Friday, December 23, 2005


From the Vault: Mo' Better Blues

Peeking out beneath three of the actors on the Mo' Better Blues poster are posters of Spike Lee's previous film, Do the Right Thing. It's as if Lee knew the inevitable comparisons that would be made between his new film and last year's masterpiece.

Comparison won't be the main factor behind the disappointment with Mo' Better Blues. Instead, the lack of a cohesive screenplay and the presence of a script in need of major reworking dooms the new movie.

Mo' Better Blues stars Denzel Washington as Bleek Gilliam, a man who hated taking trumpet lessons as a child but who learned to make a living off the instrument anyway. Bleek's selfishness requires the attention of two women (Joie Lee, Cynda Williams) to meet his needs. but he still chooses music over both of them, at least initially.

Bleek's loyalty proves to be another flaw, continuing to let his childhood friend Giant (Spike Lee) manage his career despite the fact he does so poorly. At least that's the impression viewers are expected to take away from the film. Lee's script seems to be a filmed outline of plot points that were never fully fleshed out and doesn't allow much in the way of character development.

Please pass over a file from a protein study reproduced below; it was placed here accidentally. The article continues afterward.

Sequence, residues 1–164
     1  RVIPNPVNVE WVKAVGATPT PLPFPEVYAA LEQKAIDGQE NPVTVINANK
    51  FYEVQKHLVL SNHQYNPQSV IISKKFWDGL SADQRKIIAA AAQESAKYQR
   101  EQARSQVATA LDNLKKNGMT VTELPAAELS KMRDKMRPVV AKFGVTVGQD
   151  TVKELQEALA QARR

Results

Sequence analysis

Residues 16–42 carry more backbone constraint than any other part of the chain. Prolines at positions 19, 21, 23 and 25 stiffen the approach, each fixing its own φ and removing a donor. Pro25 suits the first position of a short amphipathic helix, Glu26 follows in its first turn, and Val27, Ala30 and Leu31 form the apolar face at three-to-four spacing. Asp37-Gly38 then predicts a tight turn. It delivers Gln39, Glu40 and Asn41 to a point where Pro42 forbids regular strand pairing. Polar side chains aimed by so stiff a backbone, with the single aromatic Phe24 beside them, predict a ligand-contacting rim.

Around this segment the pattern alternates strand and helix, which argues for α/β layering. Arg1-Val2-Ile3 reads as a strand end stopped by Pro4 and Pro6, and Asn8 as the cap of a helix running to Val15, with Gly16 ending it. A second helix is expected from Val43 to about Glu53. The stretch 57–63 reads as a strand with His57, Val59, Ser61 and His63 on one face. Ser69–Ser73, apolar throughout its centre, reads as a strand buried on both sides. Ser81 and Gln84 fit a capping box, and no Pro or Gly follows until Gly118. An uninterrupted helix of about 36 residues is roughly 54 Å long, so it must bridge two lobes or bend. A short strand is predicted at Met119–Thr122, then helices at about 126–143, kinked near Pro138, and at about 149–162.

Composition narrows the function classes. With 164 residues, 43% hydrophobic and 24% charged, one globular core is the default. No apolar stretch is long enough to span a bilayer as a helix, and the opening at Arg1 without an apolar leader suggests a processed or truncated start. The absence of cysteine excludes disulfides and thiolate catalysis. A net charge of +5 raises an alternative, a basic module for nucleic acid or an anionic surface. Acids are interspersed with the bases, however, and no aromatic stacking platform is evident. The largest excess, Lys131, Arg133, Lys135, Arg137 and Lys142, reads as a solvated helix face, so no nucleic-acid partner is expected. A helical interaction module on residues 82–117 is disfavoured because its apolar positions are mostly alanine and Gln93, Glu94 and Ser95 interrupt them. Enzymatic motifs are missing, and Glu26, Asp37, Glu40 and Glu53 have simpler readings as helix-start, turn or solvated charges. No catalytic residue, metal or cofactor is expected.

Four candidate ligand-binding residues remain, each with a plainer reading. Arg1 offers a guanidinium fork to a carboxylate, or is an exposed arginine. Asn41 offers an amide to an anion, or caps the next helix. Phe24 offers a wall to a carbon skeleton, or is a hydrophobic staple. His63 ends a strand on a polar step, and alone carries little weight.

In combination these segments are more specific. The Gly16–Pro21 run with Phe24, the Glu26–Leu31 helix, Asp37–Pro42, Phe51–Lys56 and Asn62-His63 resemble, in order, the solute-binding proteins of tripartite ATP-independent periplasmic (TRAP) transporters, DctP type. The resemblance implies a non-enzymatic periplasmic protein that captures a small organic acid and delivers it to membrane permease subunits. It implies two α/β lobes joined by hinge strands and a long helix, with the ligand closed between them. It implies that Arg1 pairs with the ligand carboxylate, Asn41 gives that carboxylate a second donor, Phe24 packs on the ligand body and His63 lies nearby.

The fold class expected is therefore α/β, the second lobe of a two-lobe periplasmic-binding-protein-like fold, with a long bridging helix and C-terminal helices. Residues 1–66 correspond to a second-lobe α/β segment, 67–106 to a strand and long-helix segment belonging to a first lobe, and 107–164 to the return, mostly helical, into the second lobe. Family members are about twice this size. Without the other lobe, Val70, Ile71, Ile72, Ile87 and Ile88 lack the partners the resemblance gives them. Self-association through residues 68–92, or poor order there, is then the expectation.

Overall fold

The audience never fully understands where their interest should focus. Is this the story of a man and his music? A story of a man and two women? Perhaps it's about loyalty and relationships between friends who work for and with each other. The answer seems to be all of the above but, as in Lee's School Daze, the strands fail to form a cohesive whole.

Selected bits remain that work, such as a wonderful scene where Bleek's two-timing ways catch up with him in his bedroom, though most scenes go nowhere. The worst of this comes near the end where a situation begins and rushes to completion as the film covers six years in about 15 or 20 minutes.

Furthermore, unlike School Daze, whatever story Lee desires to tell fails to be readily apparent. School Daze failed because it tried too hard to do too much. Mo' Better Blues fails because it doesn't try hard enough to do anything of note.

Surprisingly, the music itself also weakens the movie. Granted, the story concerns music but the film's score intrudes continuously in every scene to the point of distraction. On the other hand, two numbers ("Pop Top 40" and "Harlem Blues") manage to give the film some lift it desperately needs, possessing all the energy and spirit the rest of the film lacks.

Lee's work always excites visually, but this time the story and structure do nothing to enhance his arresting imagery.

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